My general review mandate is set out in paragraph 273.63(2)(a) of the National Defence Act.[6] Under subsection 273.65(8) of the Act, I also have an obligation to review and report to the Minister as to whether the activities carried out under a ministerial authorization are authorized.

Ministerial authorizations for foreign intelligence collection are issued under the authority of subsection 273.65(1) of the National Defence Act, whereas ministerial authorizations for information technology security activities are issued under subsection 273.65(3) of the Act. My reviews of CSEC's activities conducted under ministerial authorizations are undertaken after the ministerial authorization has expired.

As I noted in my Annual Report last year: "The characteristics of contemporary communications technology mean that the interception of communications by CSE, directed at foreign entities outside Canada, runs the inherent risk of acquiring the private communications of Canadians. It is for this reason that a ministerial authorization is sought for this collection."[7]

The ministerial authorization provisions do not allow CSEC to target Canadian communications. However, "for the sole purpose of obtaining foreign intelligence"[8], the Minister may authorize the interception of private communications of Canadians or persons in Canada as long as the interception was the result of CSEC's targeting a foreign entity located outside Canada. Ministerial authorizations for information technology security activities also authorize the interception of private communications that may be incidentally obtained by CSEC while protecting the systems and networks of a federal government department or agency.

Further, when collecting foreign intelligence, CSEC may also incidentally acquire information about Canadians. This information may only be retained if it is assessed as essential to the understanding of the foreign intelligence, and it may be included in foreign intelligence reporting if it is suppressed (i.e., replaced by a generic reference such as "a Canadian person"). When receiving a subsequent request for disclosure of the details of the suppressed information, CSEC requires federal government departments and agencies to explain their authority to collect this information under their own respective mandates and to provide an operational justification of their need to know this information. If these conditions are met, CSEC may release the suppressed information. This year, two of my reports included detailed reviews of such releases.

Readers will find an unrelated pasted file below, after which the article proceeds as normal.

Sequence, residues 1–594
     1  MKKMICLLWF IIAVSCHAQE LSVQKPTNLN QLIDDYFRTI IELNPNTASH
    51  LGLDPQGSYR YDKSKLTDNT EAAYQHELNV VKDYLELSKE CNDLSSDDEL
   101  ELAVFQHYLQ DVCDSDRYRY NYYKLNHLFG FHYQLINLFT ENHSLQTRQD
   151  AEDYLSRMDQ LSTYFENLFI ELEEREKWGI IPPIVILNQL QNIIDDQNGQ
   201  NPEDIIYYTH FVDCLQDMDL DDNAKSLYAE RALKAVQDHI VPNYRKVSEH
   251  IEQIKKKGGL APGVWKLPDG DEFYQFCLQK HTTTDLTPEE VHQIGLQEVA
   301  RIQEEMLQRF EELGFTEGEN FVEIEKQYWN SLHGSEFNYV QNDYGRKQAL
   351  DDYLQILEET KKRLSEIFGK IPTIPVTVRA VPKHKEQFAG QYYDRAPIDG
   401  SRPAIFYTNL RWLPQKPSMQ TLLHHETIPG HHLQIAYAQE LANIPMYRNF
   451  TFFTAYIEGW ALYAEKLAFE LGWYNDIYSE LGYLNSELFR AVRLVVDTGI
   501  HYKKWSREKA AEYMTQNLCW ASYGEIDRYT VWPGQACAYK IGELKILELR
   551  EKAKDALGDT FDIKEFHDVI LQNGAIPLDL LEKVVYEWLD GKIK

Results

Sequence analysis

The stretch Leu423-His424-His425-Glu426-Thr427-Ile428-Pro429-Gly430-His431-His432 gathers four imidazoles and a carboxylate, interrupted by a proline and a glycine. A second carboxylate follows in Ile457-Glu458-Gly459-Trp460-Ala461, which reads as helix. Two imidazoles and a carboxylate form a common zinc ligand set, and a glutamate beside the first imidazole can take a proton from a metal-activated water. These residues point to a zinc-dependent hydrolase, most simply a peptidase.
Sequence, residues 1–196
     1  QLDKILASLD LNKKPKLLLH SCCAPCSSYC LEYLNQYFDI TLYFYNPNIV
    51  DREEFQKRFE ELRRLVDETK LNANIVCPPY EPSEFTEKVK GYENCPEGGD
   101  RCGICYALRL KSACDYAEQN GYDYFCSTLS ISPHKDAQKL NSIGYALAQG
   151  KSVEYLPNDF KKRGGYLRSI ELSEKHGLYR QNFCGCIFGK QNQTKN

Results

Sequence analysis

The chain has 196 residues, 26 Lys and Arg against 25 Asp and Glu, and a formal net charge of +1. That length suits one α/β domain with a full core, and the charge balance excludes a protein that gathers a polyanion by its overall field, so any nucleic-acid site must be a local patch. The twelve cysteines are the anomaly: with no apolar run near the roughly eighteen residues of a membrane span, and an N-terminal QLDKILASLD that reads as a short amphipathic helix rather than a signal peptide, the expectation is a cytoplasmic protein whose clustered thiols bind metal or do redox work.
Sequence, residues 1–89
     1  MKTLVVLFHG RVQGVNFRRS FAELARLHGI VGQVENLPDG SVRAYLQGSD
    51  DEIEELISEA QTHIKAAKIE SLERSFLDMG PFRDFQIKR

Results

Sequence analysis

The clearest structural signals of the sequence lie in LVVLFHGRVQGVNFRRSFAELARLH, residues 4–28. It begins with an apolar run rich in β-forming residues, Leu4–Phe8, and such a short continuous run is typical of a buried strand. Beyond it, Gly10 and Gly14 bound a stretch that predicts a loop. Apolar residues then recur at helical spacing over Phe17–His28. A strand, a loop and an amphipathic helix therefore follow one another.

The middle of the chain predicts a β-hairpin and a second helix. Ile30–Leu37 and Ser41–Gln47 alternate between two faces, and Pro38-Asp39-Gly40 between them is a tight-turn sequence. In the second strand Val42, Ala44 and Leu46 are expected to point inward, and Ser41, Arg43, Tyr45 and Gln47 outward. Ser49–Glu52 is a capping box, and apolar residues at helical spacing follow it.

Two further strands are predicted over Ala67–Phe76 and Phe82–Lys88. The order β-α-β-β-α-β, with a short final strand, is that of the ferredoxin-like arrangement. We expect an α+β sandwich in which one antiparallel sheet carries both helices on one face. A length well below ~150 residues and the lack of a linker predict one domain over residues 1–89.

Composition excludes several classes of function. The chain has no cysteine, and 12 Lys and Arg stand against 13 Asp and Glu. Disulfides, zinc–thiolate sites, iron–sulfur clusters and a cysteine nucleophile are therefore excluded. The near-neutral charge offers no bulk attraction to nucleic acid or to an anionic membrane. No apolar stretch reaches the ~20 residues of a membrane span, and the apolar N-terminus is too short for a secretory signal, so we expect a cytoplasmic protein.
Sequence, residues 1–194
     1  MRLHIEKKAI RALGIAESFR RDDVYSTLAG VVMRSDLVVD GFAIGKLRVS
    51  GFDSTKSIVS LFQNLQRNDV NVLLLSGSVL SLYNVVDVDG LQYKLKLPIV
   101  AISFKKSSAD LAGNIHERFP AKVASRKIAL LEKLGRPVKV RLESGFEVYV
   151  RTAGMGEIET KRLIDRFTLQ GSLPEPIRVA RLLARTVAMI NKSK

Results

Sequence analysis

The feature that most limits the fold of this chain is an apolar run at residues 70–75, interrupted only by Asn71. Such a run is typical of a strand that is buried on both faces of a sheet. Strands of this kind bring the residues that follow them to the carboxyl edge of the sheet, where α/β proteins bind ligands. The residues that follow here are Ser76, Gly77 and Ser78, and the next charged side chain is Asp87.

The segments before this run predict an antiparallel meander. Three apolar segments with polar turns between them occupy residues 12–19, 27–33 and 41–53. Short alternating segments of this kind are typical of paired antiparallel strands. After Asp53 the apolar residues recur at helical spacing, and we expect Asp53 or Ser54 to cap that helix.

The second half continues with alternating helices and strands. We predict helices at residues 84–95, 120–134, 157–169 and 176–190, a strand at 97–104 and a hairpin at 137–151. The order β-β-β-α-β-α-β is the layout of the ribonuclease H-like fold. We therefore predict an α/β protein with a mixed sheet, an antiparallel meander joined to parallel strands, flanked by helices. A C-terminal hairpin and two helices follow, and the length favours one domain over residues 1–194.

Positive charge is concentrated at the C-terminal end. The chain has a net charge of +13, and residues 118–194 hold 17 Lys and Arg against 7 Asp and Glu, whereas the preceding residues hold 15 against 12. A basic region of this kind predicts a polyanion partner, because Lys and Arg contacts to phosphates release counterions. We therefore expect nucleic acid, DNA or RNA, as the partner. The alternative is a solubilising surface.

During 2007-2008, my office submitted to the Minister five classified reports based on reviews completed during the year. Two of the reviews dealt with CSEC's activities conducted under ministerial authorization; one of these pertained to foreign intelligence collection, while the other concerned information technology security. The other three reviews were conducted under my general mandate, to assess whether CSEC's activities were in compliance with the law, and the extent to which it protected the privacy of Canadians in carrying out the activities.


Prior to beginning a review, my office provides CSEC with terms of reference that set out the objective, scope, criteria, a summary of the approach to be taken, and a timetable for the review. In conducting a review, OCSEC reviewers employ standard fact-finding tools and techniques to gather evidence, including examination of all relevant written and electronic records, and the associated authorities, policies and procedures. Reviewers also conduct extensive testing and sampling. Interviews are held with management and other personnel involved in the activities under review. Officials from other federal government departments and agencies may also be interviewed. In addition, legal opinions and advice are examined. CSEC provides briefs and demonstrations of activities as well as answers to written questions. At the conclusion of the review process, reviewers meet with CSEC officials prior to finalizing their report. The purpose of this meeting is to outline review findings and conclusions.